When we moved to OKC, I knew I had to get involved. I’m too social of a person to sit at home all day. Don’t get me wrong, I love reading a good book and writing this blog, but a whole day without talking to someone is a long day for me. Taking the advice of my friend who did a guest post for me on volunteering with the refugee community, I started researching different organizations in Oklahoma City that assist refugees. And that’s when I found Spero Project. The Spero Project is a local non-profit organization that partners with local churches to serve under-resources communities. Their programming extends to single mothers, children in the foster care system, and families who are refugees in OKC.
I will be serving in their Learning Center where children from the refugee community can come and get help with homework, English, and just play. Adults can also come work on English and study for the TOEFL, their GED, or the citizenship exam. I had my first training on Tuesday and will have my first hours in the Learning Center this evening. Most of the children that I’ll be working with come from either Iraq or Myanmar. While I feel ready to help with fractions, I realized that I am not very familiar with the Iraqi or Burmese cultures. I know I will learn a lot while I’m with the kids, but I thought it might be good to know some basic etiquette to get me started.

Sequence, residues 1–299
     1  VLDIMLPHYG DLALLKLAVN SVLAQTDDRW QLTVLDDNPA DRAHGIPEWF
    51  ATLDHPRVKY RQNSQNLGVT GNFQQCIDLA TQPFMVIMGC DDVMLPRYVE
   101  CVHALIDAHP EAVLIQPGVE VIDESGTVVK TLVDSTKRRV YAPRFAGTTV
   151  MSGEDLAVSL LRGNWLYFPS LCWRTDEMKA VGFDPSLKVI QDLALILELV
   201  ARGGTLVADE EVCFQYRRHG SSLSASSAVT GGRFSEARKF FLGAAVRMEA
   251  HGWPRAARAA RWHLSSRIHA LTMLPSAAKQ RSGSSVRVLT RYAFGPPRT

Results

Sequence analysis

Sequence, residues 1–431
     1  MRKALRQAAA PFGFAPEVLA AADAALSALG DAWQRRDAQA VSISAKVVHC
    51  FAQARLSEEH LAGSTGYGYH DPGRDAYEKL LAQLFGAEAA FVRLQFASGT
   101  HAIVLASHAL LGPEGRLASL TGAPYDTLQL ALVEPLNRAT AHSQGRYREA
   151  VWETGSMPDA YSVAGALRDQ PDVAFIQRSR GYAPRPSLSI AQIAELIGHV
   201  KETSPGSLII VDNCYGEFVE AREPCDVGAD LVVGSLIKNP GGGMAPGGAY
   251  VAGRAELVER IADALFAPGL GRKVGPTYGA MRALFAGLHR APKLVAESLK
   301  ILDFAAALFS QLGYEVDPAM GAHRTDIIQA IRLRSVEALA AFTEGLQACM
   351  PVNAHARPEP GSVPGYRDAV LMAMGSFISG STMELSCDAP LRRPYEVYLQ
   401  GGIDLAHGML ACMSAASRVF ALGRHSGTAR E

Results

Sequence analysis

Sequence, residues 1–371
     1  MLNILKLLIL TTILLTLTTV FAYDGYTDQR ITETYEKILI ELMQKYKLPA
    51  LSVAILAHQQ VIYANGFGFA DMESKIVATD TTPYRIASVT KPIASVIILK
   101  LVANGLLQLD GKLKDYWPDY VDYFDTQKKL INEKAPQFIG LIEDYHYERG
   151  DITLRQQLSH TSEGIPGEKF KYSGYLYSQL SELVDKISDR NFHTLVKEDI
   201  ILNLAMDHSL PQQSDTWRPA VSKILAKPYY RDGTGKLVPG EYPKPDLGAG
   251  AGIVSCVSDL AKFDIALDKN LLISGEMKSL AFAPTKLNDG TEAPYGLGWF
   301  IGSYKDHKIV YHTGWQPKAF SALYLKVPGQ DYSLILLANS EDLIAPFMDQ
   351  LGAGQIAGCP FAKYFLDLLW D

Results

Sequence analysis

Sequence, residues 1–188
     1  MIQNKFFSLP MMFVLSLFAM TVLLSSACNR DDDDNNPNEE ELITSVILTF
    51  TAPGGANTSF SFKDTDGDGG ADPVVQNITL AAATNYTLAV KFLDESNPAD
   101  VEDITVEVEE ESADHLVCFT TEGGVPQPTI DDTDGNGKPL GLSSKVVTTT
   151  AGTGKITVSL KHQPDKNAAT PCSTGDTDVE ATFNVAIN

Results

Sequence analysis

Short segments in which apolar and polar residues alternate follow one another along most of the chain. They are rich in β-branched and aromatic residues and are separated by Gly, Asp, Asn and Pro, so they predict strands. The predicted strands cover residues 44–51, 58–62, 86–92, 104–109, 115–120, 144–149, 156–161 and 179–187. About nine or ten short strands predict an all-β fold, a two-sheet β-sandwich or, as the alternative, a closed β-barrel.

Burmese Basic Etiquette:
- As a female, a smile or nod is the most appropriate ways to greet men.
- Never touch a person’s hair, head or cheek, even if you consider it as a friendly gesture.
- The upper part is considered sacred while lower part is considered inferior to the upper part, even considered dirty. Never mix the things you use for your upper part with that of the lower part.
- Do not use your feet to point at anything or anyone.
- Don’t cough, sneeze or blow your nose in the dining table.
- Present gifts (even a business card) with both hands.
Iraqi Basic Etiquette:
- The most common greeting is the handshake coupled with eye contact and a smile.
- Use your right hand to make contact with others and to eat.
- Do not point with a finger but rather with the entire hand.
- Always keep your word. Do not make a promise or guarantee unless you can keep it. If you want to show a commitment to something but do not want to make caste iron assurances then employ terms such as “I will do my best,” or “We will see.”
- Do not make the thumbs up or “ok” sign. They are considered obscene.
- Present gifts (even a business card) with both hands.